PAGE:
For larger or more active investors Motif offers "Impact" or "Motif Blue" accounts.  An "Impact" account is a fully-automated portfolio what is automatically rebalanced and which has a composition that changes as you age.  Regarding the cost of an Impact account, Motif says "The fee structure for a Motif Impact account, that provides a fully automated portfolio aligning your financial goals with your values, is 0.25%, expressed as an annual fee rate."  A "Motif Blue" account is one in which you pay a $19.95 per month fee in exchange for three "free" real time trades per month, plus real time quotes.  If you would like to try Motif Blue, click this link and you will get three months free.  

Motif is now charging $10 per quarter for each account that is under $10,000 and which has had no commissioned trades in the last three months.  In my opinion, that cost is high, percentage-wise, if your account is much under $5,000.  

Right now I own eight professionally designed motifs, most of which were purchased when Motif was offering them at no commission as "motifs of the week".  I also own one that I designed, which I did pay a commission to purchase.  Today I made my first use of the commission-free trade service and used my accumulated dividends to buy a fraction of a share of NVIDIA.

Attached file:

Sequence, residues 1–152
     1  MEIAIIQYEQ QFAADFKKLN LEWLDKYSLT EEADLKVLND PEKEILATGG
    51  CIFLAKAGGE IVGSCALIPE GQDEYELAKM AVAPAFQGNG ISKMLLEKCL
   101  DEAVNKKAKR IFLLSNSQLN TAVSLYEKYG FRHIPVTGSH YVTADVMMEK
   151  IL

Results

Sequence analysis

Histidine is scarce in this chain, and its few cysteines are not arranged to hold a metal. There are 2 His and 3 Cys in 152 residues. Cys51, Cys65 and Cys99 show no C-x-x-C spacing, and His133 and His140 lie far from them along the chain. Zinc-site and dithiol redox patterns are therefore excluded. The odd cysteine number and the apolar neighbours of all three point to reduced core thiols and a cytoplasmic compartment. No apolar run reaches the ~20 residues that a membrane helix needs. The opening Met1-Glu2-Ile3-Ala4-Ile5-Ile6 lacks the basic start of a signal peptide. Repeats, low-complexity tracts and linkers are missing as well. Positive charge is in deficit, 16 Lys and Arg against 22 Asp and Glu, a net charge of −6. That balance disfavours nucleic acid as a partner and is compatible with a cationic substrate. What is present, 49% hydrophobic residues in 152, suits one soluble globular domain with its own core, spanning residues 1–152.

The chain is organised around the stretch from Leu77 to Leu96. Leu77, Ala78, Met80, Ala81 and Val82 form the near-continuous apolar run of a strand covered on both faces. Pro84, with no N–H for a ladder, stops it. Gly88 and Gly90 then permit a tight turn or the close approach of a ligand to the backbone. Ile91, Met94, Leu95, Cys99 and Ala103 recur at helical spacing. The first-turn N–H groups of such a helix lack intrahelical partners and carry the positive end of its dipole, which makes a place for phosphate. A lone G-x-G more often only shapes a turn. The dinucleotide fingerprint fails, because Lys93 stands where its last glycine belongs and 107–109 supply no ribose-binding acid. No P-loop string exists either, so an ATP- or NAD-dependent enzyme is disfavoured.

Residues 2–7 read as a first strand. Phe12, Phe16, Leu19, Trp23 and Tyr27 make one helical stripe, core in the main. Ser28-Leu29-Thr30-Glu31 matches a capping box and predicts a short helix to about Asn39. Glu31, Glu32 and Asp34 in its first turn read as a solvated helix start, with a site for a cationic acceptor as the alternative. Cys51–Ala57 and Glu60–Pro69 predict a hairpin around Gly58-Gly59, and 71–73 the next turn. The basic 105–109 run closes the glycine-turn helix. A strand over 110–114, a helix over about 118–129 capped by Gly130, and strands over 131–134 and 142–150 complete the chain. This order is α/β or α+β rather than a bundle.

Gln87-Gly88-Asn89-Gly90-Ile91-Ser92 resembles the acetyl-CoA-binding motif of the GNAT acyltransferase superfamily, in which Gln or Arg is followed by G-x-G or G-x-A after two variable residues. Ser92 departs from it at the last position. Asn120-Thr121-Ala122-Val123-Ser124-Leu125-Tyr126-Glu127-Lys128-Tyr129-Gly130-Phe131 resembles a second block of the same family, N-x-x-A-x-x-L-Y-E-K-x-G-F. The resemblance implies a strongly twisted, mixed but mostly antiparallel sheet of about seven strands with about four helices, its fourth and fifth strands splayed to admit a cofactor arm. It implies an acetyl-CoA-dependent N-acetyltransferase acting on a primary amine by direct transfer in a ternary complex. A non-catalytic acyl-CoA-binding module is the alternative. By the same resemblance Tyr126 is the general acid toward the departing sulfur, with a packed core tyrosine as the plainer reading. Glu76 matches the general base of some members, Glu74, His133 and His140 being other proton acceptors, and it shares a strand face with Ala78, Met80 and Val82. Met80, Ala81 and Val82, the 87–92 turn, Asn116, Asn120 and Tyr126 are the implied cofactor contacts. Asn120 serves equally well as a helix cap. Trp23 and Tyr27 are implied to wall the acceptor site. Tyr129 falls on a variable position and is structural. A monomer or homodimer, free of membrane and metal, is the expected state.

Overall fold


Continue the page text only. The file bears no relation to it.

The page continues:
If you would like to try Motif, use this link; you'll get three months of Motif Blue (and then you can decide whether to keep it or not) and I'll get one.

Motif's strength is allowing you to spread a moderate amount of money among a large number of stocks for a relatively low amount of money.  However real-time trading will cost you, and fees will disproportionately affect small accounts.  


Robinhood is a smartphone app only (for now) brokerage.  They are planning a webpage but it is not live yet.  The app is available for both Apple and Android phones.  

While Robinhood does not offer IRAs, it offers margin accounts and is in the process of rolling out options trading and crypto-currency trading.